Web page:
A Multimodal Data Capture System for Assessing Outcomes in Autism Clinical Trials

Panel Presentation
Thursday, May 2, 2019: 11:45 AM
Room: 517A (Palais des congres de Montreal)
G. J. Pandina, Janssen Research & Development, Titusville, NJ
Background: Autism Spectrum Disorder (ASD) is a complex, heterogeneous neurodevelopmental disorder with no approved medications for core symptoms. Objective measures have potential to de-risk drug development by improving patient selection and enhancing sensitivity to drug response. Mobile and web-based approaches could increase signal detection and decrease study burden by allowing fewer in-person visits, using momentary assessment and other novel measurement techniques. Lab- and home-based sensors could create novel, objective endpoints that help with stratification and change measurement in ASD clinical trials.

Objectives: The study objective was to demonstrate the utility of the Janssen Autism Knowledge Engine (JAKE®), a standardized set of mobile/web-based tools and lab- and home-based experimental, proof-of-concept sensor array, to identify potential markers of population enrichment and symptomatic change in ASD. The Autism Behavior Inventory, a caregiver-based rating scale administered through the My JAKE web portal was compared with other common ASD scales. Other experimental mobile assessments assessed caregiver-selected most troubling symptoms, global symptom severity, and important factors (sleep, mood/affect, etc.). Results were compared with lab-based sensor-derived endpoints, using a battery of computer tests specifically designed to detect social communication problems and repetitive behaviors/interests, and via passive sensing at home.

Methods: A total of N=144 children and adults (aged ≥6 to 53 years) with ASD were assessed in an 8-10 week prospective non-interventional trial (US, 9 sites) with the JAKE system. JAKE includes: 1) a web-and-mobile assessment of clinical symptoms (ABI, ASD-related events, mood report, medical/developmental history) and; 2) an array of experimental home-based wearable sensors for measuring activity and sleep, and lab-based computer tasks designed to provoke ASD-specific physiological signals on a variety of sensors. Participants completed battery of clinical rating scales. ASD results were compared with age and sex-matched typically developing (TD) controls (N=41), who completed rating scales and lab-based test battery once.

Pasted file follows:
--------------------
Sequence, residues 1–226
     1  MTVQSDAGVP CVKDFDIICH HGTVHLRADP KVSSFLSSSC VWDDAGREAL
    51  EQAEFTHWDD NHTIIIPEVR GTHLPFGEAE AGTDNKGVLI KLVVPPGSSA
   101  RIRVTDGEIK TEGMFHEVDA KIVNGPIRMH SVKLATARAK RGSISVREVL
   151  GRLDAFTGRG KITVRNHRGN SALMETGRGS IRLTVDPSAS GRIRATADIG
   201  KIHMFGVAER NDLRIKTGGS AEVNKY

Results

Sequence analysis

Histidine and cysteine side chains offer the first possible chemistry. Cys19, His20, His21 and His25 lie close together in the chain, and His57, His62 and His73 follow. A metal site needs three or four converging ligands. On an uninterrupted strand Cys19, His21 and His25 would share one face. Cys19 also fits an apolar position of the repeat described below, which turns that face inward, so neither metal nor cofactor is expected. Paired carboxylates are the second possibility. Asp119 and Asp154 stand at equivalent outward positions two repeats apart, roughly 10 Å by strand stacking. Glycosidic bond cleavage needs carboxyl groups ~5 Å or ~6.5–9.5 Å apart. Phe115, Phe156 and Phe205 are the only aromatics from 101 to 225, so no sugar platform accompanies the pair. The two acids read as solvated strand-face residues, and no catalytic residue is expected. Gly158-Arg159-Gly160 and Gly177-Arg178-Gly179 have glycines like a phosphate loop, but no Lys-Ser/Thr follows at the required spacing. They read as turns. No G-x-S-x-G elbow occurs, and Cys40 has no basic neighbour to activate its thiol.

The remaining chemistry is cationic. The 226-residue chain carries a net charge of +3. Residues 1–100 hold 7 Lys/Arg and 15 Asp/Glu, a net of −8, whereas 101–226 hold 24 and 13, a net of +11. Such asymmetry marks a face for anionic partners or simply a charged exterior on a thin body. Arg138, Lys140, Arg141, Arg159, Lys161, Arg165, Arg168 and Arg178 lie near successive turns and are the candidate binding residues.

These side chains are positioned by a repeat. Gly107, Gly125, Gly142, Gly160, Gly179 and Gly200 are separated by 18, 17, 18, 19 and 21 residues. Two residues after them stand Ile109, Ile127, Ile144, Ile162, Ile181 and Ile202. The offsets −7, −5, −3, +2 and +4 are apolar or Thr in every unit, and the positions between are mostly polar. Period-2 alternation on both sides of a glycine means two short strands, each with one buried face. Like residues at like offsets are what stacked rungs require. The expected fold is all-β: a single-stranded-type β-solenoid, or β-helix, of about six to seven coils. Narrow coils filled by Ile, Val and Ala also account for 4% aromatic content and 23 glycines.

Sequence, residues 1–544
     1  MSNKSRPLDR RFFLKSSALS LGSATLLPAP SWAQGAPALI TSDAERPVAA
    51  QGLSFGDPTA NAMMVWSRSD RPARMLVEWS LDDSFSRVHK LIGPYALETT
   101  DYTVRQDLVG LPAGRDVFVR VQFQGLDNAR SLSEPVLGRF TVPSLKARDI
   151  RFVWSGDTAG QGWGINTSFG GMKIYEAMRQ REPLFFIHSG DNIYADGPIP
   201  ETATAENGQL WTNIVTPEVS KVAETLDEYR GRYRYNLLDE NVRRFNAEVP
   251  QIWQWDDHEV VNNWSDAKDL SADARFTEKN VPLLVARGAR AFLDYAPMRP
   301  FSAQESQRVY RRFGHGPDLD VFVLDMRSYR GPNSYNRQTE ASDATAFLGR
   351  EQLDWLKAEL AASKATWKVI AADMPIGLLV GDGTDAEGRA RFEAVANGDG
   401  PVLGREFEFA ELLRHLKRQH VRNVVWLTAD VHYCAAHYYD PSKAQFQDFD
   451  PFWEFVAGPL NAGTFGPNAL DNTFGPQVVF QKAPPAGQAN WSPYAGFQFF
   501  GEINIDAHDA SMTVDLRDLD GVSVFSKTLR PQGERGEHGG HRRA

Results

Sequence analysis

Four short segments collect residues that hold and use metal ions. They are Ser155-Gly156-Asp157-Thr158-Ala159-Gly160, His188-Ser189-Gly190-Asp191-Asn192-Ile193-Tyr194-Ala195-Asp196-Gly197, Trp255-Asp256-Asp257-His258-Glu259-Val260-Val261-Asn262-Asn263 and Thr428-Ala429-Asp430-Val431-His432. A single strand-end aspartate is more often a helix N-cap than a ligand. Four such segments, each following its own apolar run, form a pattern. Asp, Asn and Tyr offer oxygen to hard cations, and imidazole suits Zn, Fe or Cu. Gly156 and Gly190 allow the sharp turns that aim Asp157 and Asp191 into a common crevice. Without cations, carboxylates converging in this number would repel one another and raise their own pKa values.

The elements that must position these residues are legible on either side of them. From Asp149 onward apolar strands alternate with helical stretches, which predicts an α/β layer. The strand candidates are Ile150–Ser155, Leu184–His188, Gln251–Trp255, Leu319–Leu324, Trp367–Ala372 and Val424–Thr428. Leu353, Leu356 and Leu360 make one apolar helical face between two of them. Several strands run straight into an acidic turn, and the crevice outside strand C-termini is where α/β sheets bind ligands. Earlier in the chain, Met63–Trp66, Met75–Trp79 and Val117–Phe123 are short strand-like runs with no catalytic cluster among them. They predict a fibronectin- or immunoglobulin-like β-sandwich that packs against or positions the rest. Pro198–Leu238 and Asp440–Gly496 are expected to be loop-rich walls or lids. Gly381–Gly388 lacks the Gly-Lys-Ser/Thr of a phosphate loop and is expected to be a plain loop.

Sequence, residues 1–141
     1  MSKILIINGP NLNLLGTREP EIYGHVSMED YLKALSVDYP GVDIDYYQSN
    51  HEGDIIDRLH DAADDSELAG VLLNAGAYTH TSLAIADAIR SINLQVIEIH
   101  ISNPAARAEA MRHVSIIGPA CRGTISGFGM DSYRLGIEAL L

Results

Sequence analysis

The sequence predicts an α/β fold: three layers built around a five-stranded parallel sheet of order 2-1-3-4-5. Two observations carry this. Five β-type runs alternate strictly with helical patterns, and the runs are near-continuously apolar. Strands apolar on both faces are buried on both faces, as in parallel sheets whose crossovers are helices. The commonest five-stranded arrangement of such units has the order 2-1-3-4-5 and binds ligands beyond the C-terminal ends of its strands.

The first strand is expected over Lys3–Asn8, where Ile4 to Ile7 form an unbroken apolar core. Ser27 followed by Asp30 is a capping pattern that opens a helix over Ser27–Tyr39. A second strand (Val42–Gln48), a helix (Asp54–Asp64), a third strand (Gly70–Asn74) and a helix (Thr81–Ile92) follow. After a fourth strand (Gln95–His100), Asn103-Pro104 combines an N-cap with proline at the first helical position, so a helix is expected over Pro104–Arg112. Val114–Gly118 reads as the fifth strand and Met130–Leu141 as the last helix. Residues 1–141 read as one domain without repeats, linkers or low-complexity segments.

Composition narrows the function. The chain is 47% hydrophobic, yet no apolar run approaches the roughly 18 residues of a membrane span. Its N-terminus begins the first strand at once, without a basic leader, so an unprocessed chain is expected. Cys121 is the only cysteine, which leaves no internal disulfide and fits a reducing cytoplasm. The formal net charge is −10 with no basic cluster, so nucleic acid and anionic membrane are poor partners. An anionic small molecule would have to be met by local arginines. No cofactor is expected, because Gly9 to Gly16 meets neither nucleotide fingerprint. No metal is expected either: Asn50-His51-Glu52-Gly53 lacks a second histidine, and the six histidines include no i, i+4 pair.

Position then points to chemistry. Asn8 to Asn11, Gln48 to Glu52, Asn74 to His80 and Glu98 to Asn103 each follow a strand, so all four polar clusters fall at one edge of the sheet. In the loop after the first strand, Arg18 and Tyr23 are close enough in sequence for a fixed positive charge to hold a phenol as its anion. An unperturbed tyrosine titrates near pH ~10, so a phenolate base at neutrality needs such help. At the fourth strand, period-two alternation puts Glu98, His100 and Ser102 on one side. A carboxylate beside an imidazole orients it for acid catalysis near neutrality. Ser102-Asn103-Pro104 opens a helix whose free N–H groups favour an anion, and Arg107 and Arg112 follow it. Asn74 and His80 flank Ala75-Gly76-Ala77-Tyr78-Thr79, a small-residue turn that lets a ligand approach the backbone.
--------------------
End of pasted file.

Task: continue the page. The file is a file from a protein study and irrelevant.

Results: Data from rating scales, lab-based tasks, and home- and lab-based web and mobile assessments yielded multiple findings that discriminated between ASD and TD. ASD participants were able to complete the lab-based task battery and produce valid data. ASD and TD participants showed differences in sensor based biologic responses on lab-based tasks. These include reduced facial affect expressivity (both passively and on-demand), a lack of face preference in dynamic social vs. non-social stimuli and a lack of preference for biological motion (both measured by gaze fixation), and differences in resting state electrical activity in the brain and coherence between brain regions during social perceptual tasks. Relationships between symptoms (rating scales) and lab and home-based sensor assessments were modest, suggesting these tools may measure different aspects of ASD.

Conclusions: Assessment of ASD subjects across a range of severity and age using a coordinated system of web-and-mobile clinician and caregiver tools, and lab/home based sensor technologies, is feasible and offers a robust method for assessing a broad range of ASD symptoms. This multimodal approach produces a complex blueprint of ASD behavior of potential utility in clinical trials.